“This commission found him out of policy, and you haven’t done anything about it,” Sherwin said. “Nor have you acted in the killings of so many black and brown men. Eric Rivera, Albert Ramon Dorsey, Keith Bursey, Kenney Watkins, Ezell Ford, Brendon Glenn, Jesse Romero, Wakiesha Wilson and on and on and on. How dare you, Chief Moore?” he said, listing black Angelenos killed by LAPD.

Singer-actress Lexi Underwood expressed her anger with the police force, stating that nothing is ever done to bring forth justice to the families who have lost lives to the police force.

“I’m a 16-year-old black woman,” Underwood said. “Do you know the trauma of watching countless black and brown people be killed by police officers?”

Underwood and many other speakers noted LAPD’s use of excessive force against peaceful protestors, shooting rubber bullets and using tear gas. The use of tear gas during a pandemic could lead to a surge in cases, as studies show that it may increase the chance of respiratory illness.

Many also pointed out that the use of excessive force was not ordered when people protested against businesses being closed due to COVID-19 a month ago.

“They shot at just countless peaceful protestors. Your officers were the ones being violent with us. There were children, elderly men and women in the crowd. I saw people ducking behind cars.

People were running. And you’re seriously going to sit here and say that it is our fault that an innocent black man was suffocated to death?”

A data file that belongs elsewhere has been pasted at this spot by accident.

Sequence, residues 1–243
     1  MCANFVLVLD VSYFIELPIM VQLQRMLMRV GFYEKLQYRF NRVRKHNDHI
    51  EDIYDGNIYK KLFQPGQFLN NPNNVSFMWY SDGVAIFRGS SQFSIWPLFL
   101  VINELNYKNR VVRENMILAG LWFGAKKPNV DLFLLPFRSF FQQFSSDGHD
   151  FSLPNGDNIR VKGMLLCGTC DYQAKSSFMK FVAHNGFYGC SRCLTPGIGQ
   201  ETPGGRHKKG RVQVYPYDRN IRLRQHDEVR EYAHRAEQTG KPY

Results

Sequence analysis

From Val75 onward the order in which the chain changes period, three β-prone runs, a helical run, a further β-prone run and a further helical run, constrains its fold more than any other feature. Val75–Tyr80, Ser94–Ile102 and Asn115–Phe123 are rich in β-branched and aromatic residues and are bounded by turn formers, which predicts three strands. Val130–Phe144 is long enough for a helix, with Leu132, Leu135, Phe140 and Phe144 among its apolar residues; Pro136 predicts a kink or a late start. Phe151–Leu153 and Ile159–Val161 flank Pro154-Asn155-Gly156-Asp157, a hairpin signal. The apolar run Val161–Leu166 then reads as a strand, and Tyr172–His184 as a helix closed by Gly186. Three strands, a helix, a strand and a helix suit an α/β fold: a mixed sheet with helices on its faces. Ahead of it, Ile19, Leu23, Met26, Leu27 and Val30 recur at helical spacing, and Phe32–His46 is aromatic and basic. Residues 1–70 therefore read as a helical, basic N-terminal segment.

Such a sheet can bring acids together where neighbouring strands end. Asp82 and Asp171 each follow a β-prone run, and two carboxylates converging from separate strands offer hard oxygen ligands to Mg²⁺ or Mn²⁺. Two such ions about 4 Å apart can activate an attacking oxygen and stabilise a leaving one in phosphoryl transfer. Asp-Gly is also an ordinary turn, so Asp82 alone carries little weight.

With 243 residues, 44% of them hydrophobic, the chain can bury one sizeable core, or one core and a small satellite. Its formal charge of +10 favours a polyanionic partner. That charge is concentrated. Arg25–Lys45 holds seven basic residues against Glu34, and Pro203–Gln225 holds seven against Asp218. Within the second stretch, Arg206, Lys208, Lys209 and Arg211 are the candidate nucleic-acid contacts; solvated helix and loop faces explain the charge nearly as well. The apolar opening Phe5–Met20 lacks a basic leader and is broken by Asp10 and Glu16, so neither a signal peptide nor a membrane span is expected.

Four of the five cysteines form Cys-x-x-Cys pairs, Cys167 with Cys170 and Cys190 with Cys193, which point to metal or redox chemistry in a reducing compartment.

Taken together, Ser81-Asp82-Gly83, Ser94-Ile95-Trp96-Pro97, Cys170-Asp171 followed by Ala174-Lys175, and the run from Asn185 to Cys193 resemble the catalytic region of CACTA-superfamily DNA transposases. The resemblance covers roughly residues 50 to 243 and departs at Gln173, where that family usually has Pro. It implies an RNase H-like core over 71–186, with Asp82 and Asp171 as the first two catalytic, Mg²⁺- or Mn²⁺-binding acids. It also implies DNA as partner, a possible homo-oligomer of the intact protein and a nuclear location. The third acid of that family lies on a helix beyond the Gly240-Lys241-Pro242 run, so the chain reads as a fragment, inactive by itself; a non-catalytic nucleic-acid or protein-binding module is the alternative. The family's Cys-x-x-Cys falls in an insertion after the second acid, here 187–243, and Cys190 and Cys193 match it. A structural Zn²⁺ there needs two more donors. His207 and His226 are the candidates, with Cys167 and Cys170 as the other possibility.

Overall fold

According to the independent autopsy, Floyd’s death was ruled as a homicide, after the original Hennepin County medical examiner found “no physical findings of asphyxiation or strangulation.” Chauvin is charged with second-degree murder, and the other cops who were on the scene are being charged as well.

Downtown LA is one of the many cities across Southern California where peaceful protests turned into looting, leaving businesses, many minority owned, with broken glass and tagged walls. Videos and photos from protestors showing LAPD shooting rubber bullets and tear gas at peaceful protestors have gone viral on social media, with many calling for LAPD to be defunded.

Garcetti said on June 3 that the LAPD would not increase its budget to $3 billion as planned

and that $100 million to $150 million will be cut from the funds and reallocated to help communities of color, a motion introduced by LA City Council President Nury Martinez.

Twitter users quickly criticized the City Council’s efforts, saying more money should be divested from the LAPD and more immediate and tangible solutions must be brought forth to protect the safety of the people of Los Angeles.

“I’m very concerned about the militarization of my town,” said Laura Espinosa, born and raised in East LA.

Through her screen on the City Council Zoom call, Espinosa said, “Currently a cop can murder someone and be fired and go to a different town and still be cops.

“Please help us lower the federal standards so we can bring criminal charges against cops who murder our people. Help us limit immunity so we can hold accountable those who allow bad cops to continue abusing our communities.”